As far as tropical islands go, Mexico’s Isla Mujeres is a pretty sleepy one. The primary mode of transportation? Golf carts & bicycles. It has nice beaches and some good restaurants, but maybe because it’s small and close to bigger or more exciting places like Cancun or Cozumel, it seems to have avoided a lot of the craziness and big development those places are known for. The real action is in the water. In January it’s Atlantic sailfish, and in August it’s whale sharks. Different fish. Same water. Same sleepy island. In the winter months the sailfish show up to chase schools of sardines that come into the area. It’s high energy stuff, with sometimes dozens of sailfish attacking a bait ball. At one point, we counted 48 sailfish around us. They move fast, and it’s a workout to keep up with them. We were prepared to dive, but most of the action happens at the surface, so all we needed were snorkels. Same thing in August with the whale sharks. The whale sharks come in for big fish spawning events in the summer. The water gets thick with fish eggs and plankton, and the whale sharks come in to scoop them up. They’re slower moving than the sailfish, but the excitement of getting in the water with them is the same. Their size makes up for their lack of speed. It’s plenty of excitement. And besides, you can sleep back on the island.
While on my trip in Namibia, I visited the Ongava Game Reserve, near Etosha National Park. It's a place well known for rhinos. We were doing our usual game drives - one in the morning, one in the afternoon. On the first day, only an hour or so after I had arrived, we had some good white rhino sightings. I had seen rhinos before in other countries, but they were pretty far away and pretty skittish. These were close and seemed reasonably comfortable with our vehicle being nearby. The next afternoon we found more rhinos, except this group was a bit too far away for decent photos. But today was going to be different. My guide Abram decided we should follow them on foot - something I had hoped for, but hadn't mentioned to him yet. Abram carried a rifle in case of emergency, I carried 2 cameras and a couple of lenses. This was very cool. The difference from being in the safety of a vehicle is kind of startling and refreshing. The ability to get a different perspective for photos was great. Abram told me that the group would pretty much do whatever the youngest rhino would do. If she got spooked, they would all bolt with her. If she got agitated and charged us, the group would help out. So we were ummm.... careful... especially with one of them sporting a nearly 3 foot long horn. We tracked them for over an hour and a half, at times getting as close as a few feet. Eventually they went into some deep brush that was impossible for us to get through. We never seemed to be in any real immediate danger, although we had a few tense moments where we had to back up and act like we were leaving. Getting face to face with these rhinos was a nice change of pace and a great adventure.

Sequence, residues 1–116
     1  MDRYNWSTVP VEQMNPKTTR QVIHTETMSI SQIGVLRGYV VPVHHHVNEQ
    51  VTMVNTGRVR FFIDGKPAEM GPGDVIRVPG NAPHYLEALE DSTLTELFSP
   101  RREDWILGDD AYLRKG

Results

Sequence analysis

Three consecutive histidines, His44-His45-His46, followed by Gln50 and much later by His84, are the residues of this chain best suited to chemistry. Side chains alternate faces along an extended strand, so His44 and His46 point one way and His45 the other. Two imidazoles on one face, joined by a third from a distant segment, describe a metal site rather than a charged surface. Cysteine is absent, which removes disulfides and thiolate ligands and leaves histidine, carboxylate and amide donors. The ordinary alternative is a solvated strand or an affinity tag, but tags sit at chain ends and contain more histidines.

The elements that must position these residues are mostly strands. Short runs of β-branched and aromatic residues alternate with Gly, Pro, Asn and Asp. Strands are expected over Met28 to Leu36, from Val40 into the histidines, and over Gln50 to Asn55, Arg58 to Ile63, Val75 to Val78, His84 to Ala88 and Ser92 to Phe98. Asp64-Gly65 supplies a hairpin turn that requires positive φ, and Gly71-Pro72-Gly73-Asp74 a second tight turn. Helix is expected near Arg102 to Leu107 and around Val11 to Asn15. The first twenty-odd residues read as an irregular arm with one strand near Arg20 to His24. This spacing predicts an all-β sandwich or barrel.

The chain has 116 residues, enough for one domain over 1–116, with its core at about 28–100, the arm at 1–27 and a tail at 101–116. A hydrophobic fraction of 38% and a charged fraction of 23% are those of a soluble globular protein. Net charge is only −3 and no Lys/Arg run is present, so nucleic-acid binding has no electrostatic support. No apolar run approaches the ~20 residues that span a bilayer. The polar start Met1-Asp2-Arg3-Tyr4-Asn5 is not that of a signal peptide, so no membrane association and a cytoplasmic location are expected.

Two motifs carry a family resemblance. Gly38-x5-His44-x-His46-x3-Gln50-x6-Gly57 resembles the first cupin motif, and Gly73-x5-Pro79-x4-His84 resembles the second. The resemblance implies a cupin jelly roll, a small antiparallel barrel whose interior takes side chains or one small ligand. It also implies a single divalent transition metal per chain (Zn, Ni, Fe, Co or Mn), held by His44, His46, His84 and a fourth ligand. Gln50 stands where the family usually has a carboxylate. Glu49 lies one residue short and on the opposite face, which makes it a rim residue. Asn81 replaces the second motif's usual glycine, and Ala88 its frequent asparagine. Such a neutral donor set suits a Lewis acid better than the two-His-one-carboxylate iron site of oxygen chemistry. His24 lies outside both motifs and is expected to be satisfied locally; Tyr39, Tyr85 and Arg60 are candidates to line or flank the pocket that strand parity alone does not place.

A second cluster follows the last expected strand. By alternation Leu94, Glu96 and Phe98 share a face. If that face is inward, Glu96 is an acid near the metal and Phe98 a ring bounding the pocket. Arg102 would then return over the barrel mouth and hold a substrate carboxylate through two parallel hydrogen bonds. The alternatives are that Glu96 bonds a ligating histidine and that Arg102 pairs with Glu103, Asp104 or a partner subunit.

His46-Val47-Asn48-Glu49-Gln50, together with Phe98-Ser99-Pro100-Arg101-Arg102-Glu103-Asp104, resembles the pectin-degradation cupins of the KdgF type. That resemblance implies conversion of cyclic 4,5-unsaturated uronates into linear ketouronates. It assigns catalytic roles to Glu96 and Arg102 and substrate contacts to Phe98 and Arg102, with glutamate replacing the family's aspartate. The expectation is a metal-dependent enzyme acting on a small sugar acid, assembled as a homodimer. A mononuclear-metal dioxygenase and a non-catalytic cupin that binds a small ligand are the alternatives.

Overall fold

Ok, so the first thing you need to know about the Namibian desert is that it's huge. It goes up the entire coast of Namibia - longer than California by about 300 miles - and stretches inland up to 100 miles. It's not just big that way, it also has the tallest dunes in the world. So... it's huge. It's also old. It's considered the oldest desert in the world. I don't know how they figure that out, but who am I to argue? But, before I get all Wikipedia on you, what you really need to know it that it's absolutely amazing to be there. In Sossusvlei the sand is pink/red/orange, in the north it is golden. The shear volume of sand is mind boggling, and for a photographer it's the kind of place you can stay in for days and never run out of stuff to shoot. Here's a few images to give you an idea.
It's always good to visit with the locals, especially when the locals are as interesting as the Himba. The Himba are nomadic tribes found in northern Namibia. They set up semi-permanent settlements and then graze cattle on what little grass the desert provides. Where are the men you ask? They are out with the cattle for weeks or months at a time. They follow the rain and go as far away as needed to keep the cows fed. The women and children stay in the "village". I visited with a couple of groups who were living near the camp where I stayed along the Namibia/Angola border. A beauty tip if you want to be a fashionable Himba woman: use ochre on your skin and in your hair. The women put a fresh coat on their skin every morning and use the clay in their hair and jewelry. It's a cool look.
I knew I was going to Africa at the tail end of the rainy season. Previous trips had been mostly in the winter months and I wanted a different look to my photos. What I guess I didn't count on was the actual rain part. I mean I knew it would be raining at some point, but aside from bringing a poncho, it didn't really register what that meant. And while I always hoped for beautiful late afternoon sun to light up something for me to shoot, I more often got storms. Dramatic, lightning filled storms. A couple in Namibia and every day in Kenya. So that's what I would take photos of in the afternoons - big dramatic storms. "And if you can't be with the one you love...." I think it was Stephen Stills who taught me that.